Sarah It’s a tricky one, and especially when you’re dealing with trauma, you know, a painful history, you really don’t want to be glorifying or exploiting pain. And there’s been lots of conversation on using the Holocaust and using that trauma for entertainment. And so I actually was quite sparing on the horrors of it and tried to focus more on really. The overall arc of the story is one of hope and success because without giving too much away, the you know, the show captures the great contribution this group made to pushing this Party to the fringes of British politics. So it’s a tightrope to walk, but I think you have to, you know, it’s not a documentary. It’s not a historical book. It’s a piece of entertainment. And you see, if you don’t deliver on the entertaining factor and making it suspenseful and gripping, you actually lose your audience and then any noble aims you have of starting conversations or enlightening people about something go away. So your primary aim is to tell a good story. So there were certain moments that I certain elements that I did fictionalize. For example, Colin Jordan didn’t have any children in real life. And he has a son in Ridley Road, and that was very important to me because it humanized him because it a lot of these far-right members or parties, you know, they they’re not setting out to be villains of history, they’re setting out in their own logic, a plan and an action to better their children or their race or their world. And so when you humanize them, actually, you understand how they’re operating, which makes it more complicated. And that was a big, important thing for me because I’d seen a lot of caricatures of Nazi characters that very obviously is monstrous, zombified and robotic. And and that doesn’t really tell the story of why so many people at that time would be persuaded by these ideas. And one of the aims of the piece was to show how good people can be convinced if bad ideas and how good people can come to very, very dangerous, sometimes murderous, conclusions. And so whenever I fictionalized, I have to ask myself, like, how is this further deepening and furthering the story? And once you make that commitment, then there’s a weird loyalty that emerges when you write scripts, a loyalty to the story and you become you end up working within your own logic. And that’s something the character might’ve done in real life that actually is illogical and in the framework of your own story.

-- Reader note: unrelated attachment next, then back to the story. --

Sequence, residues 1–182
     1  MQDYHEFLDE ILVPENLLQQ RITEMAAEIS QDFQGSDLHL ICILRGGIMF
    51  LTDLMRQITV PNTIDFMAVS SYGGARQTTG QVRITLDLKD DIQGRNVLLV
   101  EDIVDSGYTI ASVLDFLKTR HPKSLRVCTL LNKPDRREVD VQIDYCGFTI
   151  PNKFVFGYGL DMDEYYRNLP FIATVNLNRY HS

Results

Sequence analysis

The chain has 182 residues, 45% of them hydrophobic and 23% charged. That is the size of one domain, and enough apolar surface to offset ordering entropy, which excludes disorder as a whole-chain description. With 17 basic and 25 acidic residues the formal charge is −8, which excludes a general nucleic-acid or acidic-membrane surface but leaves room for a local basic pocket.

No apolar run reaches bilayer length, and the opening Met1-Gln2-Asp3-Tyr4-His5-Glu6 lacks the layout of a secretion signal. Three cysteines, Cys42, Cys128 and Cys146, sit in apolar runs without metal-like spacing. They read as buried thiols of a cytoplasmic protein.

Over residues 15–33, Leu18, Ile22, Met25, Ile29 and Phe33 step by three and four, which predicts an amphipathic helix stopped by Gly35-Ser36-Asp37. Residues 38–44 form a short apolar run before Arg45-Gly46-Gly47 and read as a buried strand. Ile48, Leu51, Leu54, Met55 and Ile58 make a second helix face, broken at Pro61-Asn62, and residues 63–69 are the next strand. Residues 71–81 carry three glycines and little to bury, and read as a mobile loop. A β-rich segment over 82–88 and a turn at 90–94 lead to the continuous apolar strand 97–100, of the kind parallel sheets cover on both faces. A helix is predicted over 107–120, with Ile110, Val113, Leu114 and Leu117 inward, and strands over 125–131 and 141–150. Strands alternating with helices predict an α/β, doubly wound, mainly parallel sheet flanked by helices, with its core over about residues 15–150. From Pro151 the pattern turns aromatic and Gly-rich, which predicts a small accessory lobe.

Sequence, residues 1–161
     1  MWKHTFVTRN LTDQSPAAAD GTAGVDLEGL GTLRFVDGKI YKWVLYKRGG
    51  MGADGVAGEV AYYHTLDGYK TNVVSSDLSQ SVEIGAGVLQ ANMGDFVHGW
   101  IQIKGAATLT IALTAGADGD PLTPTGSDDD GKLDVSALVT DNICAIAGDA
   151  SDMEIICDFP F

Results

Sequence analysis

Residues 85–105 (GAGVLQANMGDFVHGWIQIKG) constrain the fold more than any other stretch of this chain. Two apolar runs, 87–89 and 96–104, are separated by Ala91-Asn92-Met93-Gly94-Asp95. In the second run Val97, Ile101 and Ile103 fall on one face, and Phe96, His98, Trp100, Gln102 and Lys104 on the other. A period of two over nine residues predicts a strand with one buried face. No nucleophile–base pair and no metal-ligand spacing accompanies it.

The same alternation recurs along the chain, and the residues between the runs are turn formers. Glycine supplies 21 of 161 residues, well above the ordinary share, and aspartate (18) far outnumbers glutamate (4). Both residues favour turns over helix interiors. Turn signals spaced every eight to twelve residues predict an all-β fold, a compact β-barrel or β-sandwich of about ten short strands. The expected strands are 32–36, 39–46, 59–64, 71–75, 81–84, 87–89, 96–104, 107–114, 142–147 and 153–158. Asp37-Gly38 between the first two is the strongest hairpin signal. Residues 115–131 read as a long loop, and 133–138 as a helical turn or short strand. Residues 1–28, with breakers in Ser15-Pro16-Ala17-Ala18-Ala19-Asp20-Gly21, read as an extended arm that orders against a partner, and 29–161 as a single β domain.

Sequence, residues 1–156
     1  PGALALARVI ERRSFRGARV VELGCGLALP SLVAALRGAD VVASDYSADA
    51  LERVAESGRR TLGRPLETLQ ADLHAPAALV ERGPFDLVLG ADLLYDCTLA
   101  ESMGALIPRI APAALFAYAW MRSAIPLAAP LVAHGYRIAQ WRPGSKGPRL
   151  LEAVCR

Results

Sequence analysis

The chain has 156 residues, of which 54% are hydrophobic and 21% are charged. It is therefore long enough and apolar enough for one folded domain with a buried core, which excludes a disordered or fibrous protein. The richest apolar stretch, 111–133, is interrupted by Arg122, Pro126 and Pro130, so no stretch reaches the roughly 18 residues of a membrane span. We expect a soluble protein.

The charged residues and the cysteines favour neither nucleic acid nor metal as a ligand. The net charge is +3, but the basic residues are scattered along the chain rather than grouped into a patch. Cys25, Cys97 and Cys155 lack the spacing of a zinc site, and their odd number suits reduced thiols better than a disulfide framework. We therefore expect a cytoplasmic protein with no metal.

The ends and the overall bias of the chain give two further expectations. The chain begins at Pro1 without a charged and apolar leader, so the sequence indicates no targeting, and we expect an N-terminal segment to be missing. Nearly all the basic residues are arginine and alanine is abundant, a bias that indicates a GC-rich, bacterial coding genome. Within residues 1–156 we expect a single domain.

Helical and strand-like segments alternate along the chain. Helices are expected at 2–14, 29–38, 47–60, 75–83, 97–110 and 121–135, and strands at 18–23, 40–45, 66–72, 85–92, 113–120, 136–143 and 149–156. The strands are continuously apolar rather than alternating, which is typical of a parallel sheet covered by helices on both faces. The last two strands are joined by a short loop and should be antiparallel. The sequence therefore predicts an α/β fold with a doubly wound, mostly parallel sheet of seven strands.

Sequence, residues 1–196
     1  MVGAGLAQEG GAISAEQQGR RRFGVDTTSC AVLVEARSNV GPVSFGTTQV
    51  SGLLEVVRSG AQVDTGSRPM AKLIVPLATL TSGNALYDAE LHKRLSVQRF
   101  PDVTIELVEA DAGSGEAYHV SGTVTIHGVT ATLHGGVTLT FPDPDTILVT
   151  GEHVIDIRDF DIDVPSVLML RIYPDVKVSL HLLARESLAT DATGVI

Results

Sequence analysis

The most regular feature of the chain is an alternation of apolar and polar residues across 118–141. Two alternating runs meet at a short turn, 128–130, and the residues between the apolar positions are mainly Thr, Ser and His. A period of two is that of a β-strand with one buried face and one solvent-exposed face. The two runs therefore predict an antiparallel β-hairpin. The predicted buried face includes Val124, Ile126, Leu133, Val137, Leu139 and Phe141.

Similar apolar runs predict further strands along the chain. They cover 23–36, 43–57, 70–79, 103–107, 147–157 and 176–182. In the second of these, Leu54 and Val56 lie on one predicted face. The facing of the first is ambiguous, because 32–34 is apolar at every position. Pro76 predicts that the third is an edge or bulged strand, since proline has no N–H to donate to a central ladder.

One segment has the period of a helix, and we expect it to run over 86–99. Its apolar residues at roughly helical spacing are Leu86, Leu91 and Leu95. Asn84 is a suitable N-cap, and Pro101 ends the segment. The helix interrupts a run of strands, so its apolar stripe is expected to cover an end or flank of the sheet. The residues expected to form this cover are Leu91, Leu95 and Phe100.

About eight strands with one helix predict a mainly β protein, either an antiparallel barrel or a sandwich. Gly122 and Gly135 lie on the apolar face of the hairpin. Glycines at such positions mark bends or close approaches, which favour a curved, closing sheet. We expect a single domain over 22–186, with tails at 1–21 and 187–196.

Jace Before this next question, a brief word from our sponsors…

 Jace I want to dig at the the issue of housing raised in Ridley Road. Vivienne arrives in London and tries to find a place to live. There’s this amazing shot of her walking past these rundown houses, some of which are being torn down to build tower blocks. What were you trying to say here about the housing crisis in Britain?